Some of the dogs have been advertised with fake source numbers, which is a compulsory identifier for anyone selling companion animals in Victoria.

    ABC’s 7.30 spoke to Ms Mala over the phone.

    She denied selling dogs over the past year.

    Oscar’s Law founder Debra Tranter has been reporting the advertisements to the local council, Animal Welfare Victoria and the Minister for Agriculture since October last year.

    Ms Mala’s activities were also reported to the RSPCA in Victoria in January by a member of the public.

    But Ms Tranter said the multiple reports and evidence she and others submitted did not result with action by enforcement agencies.

    A woman cuddles a small dog.A woman cuddles a small dog. Debra Tranter reported the puppy ads to authorities.(ABC News)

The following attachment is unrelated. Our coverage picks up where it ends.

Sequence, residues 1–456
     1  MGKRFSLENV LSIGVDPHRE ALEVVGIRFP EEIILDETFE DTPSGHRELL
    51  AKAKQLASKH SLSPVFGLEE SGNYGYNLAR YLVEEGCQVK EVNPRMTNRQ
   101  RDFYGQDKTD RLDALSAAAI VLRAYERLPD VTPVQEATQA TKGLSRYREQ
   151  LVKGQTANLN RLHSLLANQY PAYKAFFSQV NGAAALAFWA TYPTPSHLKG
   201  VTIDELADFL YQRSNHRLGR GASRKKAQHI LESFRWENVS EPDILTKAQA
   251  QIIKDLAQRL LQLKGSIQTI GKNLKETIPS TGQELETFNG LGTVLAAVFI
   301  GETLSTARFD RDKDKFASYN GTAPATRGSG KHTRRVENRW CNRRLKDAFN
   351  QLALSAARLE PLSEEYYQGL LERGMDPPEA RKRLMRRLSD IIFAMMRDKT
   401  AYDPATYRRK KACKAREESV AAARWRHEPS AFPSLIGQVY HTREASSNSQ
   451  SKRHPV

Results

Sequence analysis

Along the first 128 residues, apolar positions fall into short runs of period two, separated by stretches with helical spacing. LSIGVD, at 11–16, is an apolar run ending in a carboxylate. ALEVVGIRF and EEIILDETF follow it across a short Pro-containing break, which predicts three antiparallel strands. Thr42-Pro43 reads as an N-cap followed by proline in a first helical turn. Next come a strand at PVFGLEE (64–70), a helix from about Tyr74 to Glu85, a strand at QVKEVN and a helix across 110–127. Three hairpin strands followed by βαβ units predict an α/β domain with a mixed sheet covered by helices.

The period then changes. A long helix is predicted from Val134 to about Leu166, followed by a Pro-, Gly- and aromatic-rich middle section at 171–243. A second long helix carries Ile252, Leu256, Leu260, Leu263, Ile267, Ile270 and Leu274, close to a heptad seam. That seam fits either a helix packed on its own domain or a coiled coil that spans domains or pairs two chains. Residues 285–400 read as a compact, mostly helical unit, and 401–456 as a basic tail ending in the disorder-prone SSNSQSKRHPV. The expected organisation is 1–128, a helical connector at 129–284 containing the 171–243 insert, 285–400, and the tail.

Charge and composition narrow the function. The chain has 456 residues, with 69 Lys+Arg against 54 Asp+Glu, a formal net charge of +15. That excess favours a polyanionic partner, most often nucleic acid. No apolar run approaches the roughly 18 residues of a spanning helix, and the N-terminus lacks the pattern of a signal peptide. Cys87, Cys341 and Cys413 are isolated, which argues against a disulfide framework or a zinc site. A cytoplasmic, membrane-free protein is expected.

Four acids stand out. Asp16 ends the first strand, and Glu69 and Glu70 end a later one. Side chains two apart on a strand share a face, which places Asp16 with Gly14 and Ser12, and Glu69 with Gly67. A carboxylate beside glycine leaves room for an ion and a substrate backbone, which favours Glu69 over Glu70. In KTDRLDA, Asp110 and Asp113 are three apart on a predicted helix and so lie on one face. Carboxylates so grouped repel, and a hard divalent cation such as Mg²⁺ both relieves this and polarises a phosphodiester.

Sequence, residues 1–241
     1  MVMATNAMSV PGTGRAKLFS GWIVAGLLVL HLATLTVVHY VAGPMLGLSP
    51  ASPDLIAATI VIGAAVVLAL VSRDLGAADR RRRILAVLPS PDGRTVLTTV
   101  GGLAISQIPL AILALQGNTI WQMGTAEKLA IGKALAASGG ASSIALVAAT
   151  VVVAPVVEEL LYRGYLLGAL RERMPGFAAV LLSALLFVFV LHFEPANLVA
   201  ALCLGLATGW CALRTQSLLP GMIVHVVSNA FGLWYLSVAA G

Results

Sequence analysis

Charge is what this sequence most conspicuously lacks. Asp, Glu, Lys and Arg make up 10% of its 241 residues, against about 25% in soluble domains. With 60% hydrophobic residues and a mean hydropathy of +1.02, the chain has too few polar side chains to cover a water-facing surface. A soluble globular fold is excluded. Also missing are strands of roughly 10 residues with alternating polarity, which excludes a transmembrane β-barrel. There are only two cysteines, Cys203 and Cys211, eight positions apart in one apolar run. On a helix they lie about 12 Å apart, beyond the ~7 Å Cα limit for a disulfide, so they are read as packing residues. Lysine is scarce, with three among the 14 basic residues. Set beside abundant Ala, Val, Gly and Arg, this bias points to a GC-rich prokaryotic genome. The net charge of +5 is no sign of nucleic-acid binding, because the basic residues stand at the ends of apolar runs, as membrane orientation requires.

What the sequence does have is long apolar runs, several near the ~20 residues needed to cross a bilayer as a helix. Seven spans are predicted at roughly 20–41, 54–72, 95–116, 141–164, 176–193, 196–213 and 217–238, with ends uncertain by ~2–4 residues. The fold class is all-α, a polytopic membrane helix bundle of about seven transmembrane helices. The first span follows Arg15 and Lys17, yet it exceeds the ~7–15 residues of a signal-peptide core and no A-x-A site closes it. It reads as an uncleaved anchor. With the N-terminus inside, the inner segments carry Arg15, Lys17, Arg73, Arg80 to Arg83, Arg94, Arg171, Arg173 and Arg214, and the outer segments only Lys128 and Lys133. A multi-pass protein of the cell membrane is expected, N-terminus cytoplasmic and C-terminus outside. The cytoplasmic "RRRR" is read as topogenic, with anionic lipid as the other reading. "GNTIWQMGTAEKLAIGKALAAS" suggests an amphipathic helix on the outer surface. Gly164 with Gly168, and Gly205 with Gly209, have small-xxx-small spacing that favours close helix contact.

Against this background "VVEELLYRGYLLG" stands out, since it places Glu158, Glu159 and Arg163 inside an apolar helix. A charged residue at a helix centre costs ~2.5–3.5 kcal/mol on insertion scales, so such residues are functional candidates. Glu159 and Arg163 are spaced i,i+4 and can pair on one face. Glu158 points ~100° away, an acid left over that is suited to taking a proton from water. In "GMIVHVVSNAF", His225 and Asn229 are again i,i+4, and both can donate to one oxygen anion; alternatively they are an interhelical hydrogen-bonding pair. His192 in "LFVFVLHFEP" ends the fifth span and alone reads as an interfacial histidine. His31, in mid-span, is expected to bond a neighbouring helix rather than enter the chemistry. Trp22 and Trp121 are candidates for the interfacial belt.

“Their failure to act has allowed this business to stay in business and sell puppies to the public,” Ms Tranter said.

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    All of the ads linked to Ms Mala and her alleged syndicate have been removed as of March 7, only a short time after 7.30 contacted Victoria’s Department of Agriculture for a response.

    The RSPCA and Animal Welfare Victoria told 7.30 they were supporting an ongoing multi-agency investigation into animal breeding, rearing, and selling activities.

    Victoria’s Minister for Agriculture, Mary-Anne Thomas, said in a statement that it is her clear expectation that advertising platforms take down any non-compliant pet advertisements.